New York bookstore manager Joe Goldberg (Penn Badgley) is as seemingly average as his name suggests. One day, Guinevere Beck (Elizabeth Lail) walks into his store and he is hooked.
In this digital day and age a simple thread of flirtatious intrigue can gain momentum and take on a stalkerish life of its own, and so after one meeting with Beck, Joe knows he would do anything for her – after all; that’s Love.
I happily jumped on this show as I knew one of my favourite television developers Greg Berlanti was at the helm. However I will admit that I got three episodes in and felt meh.
At that point I was mostly put off by how generic Beck was. Blonde, a wannabe writer trying to make it in the big city with rich friends and no real problems. There are tonnes of characters like her, but as the object of Joe’s obsession, it meant basic Beck was under a pretty powerful microscope. Her mundane characteristics were magnified and therefore so much easier to pick at.
By episode four, gears were changed and it picked up again. From here it got into a grove, and I found the ten episodes were nicely carved into three phases, which allowed the story room to grow naturally so we didn’t feel so crowded.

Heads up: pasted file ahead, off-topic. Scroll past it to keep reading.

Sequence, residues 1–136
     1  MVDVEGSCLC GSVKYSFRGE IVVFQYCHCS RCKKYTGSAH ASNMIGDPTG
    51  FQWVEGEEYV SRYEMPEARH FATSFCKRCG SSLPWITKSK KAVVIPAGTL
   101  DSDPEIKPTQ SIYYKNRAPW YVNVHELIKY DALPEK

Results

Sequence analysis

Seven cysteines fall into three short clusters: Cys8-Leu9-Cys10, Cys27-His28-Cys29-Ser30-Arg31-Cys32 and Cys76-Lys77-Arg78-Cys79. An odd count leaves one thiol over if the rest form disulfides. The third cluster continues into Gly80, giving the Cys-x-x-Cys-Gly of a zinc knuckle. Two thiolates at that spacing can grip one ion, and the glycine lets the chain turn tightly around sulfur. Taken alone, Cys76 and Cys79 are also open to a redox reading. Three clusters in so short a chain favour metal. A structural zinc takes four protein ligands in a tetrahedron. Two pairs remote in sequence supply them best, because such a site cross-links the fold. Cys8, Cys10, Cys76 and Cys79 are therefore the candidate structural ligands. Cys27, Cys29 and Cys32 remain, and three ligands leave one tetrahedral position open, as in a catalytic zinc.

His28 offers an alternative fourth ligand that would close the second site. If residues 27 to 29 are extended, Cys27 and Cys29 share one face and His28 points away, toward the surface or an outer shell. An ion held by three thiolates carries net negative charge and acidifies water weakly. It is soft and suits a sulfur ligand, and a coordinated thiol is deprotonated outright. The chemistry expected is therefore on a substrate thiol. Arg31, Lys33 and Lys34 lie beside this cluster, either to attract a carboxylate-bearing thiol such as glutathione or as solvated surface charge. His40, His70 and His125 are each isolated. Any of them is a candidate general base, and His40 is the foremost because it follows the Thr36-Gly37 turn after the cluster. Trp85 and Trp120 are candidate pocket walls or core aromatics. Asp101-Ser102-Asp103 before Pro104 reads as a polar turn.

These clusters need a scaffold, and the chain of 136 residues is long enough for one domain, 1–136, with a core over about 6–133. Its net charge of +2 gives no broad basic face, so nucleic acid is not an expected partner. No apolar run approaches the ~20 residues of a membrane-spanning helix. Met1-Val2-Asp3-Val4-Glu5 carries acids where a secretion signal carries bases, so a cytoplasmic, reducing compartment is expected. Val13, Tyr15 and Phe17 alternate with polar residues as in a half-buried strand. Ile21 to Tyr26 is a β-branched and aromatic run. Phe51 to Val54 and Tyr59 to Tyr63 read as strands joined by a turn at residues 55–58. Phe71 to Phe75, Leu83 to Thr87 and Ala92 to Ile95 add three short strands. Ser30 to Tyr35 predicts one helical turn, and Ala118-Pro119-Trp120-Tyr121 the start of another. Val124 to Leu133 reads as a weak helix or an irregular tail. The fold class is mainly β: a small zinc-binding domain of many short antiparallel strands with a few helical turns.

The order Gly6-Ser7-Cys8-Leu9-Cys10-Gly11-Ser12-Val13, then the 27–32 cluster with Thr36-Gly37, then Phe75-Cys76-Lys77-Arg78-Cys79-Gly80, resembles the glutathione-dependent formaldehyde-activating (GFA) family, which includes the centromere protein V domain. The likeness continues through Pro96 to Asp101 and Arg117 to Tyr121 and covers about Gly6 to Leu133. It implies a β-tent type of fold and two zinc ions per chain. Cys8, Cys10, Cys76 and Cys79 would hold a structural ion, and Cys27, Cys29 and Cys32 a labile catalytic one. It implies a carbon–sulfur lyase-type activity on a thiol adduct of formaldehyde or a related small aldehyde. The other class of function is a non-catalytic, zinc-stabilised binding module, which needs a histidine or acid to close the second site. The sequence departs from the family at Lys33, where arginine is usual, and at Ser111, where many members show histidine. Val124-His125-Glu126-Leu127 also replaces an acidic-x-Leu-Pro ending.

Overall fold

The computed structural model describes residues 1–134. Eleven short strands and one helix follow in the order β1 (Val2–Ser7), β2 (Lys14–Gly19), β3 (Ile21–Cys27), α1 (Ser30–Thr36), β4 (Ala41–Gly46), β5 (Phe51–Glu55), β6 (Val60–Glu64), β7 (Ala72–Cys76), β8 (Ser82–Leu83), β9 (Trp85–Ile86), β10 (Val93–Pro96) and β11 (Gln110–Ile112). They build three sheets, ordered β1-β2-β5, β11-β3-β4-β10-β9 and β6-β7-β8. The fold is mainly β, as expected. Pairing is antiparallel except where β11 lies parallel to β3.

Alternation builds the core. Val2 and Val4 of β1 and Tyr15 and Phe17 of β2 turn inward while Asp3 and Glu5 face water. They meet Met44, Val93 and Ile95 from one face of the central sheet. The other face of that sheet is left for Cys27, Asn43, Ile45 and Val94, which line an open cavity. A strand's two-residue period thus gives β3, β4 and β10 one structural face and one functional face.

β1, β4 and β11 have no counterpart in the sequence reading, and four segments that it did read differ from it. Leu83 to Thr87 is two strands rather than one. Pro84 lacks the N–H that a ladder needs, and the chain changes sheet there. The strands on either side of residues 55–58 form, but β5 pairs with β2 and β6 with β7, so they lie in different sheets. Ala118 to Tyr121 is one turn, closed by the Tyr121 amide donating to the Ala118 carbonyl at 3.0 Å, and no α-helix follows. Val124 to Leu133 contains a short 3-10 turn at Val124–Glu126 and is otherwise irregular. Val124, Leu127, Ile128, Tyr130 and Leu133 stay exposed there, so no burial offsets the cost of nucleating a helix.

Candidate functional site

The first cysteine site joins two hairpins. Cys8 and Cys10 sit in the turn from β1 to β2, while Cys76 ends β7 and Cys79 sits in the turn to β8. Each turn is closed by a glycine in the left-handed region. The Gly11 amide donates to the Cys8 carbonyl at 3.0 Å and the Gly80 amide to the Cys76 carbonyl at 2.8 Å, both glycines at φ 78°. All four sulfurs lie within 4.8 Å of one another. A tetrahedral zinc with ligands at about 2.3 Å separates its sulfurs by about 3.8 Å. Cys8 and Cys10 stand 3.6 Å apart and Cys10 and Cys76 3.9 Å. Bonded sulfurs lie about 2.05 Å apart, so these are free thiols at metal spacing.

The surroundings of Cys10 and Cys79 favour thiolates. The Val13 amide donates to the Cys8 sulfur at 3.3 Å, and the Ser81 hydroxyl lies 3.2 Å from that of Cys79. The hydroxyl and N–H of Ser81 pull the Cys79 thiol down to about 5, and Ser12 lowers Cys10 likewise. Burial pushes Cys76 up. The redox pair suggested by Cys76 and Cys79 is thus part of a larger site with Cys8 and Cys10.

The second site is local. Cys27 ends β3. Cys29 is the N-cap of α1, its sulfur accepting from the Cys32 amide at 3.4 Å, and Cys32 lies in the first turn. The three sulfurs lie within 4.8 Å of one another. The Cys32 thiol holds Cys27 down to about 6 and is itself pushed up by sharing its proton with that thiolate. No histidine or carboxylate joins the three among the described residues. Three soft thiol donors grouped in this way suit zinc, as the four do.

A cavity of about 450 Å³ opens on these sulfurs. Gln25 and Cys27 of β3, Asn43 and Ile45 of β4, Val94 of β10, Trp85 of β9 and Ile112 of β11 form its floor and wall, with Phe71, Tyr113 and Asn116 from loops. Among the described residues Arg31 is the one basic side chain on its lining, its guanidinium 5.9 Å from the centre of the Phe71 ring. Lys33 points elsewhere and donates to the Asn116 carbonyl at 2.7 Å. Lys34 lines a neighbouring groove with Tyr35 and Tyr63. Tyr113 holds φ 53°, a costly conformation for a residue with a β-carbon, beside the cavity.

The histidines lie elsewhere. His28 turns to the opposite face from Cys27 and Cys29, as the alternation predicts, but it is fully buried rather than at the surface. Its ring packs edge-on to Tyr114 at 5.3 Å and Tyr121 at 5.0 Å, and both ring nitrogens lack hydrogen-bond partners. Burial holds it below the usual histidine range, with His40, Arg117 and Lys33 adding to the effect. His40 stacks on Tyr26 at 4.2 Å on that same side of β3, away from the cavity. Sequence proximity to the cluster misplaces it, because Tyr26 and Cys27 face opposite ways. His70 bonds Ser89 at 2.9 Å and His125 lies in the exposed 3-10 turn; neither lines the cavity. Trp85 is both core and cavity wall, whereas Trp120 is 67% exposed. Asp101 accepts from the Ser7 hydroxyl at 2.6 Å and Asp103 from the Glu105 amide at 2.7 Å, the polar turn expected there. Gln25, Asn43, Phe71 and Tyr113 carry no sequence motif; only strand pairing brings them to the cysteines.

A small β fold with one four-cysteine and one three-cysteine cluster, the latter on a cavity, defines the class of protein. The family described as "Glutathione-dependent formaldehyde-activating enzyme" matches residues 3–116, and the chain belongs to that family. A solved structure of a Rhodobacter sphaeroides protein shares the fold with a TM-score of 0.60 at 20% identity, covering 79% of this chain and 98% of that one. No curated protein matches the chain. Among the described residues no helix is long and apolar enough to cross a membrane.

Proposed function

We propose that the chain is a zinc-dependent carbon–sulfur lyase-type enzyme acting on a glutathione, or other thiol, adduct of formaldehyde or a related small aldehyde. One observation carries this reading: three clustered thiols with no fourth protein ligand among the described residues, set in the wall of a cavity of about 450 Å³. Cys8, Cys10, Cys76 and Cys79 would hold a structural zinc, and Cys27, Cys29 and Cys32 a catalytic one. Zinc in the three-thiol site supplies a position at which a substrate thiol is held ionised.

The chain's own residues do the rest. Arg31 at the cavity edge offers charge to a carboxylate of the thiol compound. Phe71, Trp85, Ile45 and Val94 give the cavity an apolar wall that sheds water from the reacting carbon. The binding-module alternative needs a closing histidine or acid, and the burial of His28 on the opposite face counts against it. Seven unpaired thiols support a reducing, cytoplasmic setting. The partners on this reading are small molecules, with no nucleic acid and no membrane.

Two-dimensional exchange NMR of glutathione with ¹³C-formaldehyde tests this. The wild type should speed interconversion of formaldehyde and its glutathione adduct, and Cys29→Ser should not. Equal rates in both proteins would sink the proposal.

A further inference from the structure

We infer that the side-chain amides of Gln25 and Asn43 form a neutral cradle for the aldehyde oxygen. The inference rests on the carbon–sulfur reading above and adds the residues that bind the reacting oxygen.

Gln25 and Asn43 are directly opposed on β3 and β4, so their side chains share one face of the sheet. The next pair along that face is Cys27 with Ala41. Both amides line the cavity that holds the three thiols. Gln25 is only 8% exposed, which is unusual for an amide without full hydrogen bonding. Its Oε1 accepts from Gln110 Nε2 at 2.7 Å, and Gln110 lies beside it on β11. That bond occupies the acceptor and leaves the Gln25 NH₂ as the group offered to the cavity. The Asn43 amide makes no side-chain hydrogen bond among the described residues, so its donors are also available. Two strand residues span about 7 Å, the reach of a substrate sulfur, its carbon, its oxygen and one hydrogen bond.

One thing the series heavily relies on is an internal monologue. We live inside Joe’s head. We know how he thinks because he shares each and every thought with the audience. This went up and down in taste as the series progressed. At times it’s too much, but then there was a naturalness too it that was often funny and relatable.
We too our Beck’s stalkers, experiencing the rush of being caught peeping through her curtains or scrolling through her messages.
The story being told from within the mind of the villain was a refreshing twist – mostly in that he was so damn normal. CSI, NCIS, Criminal Minds and the rest of them have us believing that we pass murderers and stalkers on the street all the time and so in many ways average Joe was the poster boy for what normal looks like. The fact that there were a few moments in the series that you forgot he was insane and found yourself rooting for him reminds us that nobody said normal couldn’t be synonymous for psychotic.
Penn Badgely was scarily good as Joe – there was just something in the blank yet amused indifference he managed to school his features into whilst his mind was buzzing with crazy. The switch in his personality when it came to his relationship with Paco (Luca Padovan) the lonely child next door was comparatively chilling.
Overall I did enjoy the series despite the rocky start. Everyone and their cousin was asking me if I had seen You and I will also raise my hand to being a little put off by all the hype it got.
Based on the book of the same name by Caroline Kepnes, I am not mad that a second series has been announced which will be based on her sequel Hidden Bodies. At this point I’ll wait for the trailer before I decide if I want to continue and see what’s in store for Joe and the skeletons in his closet.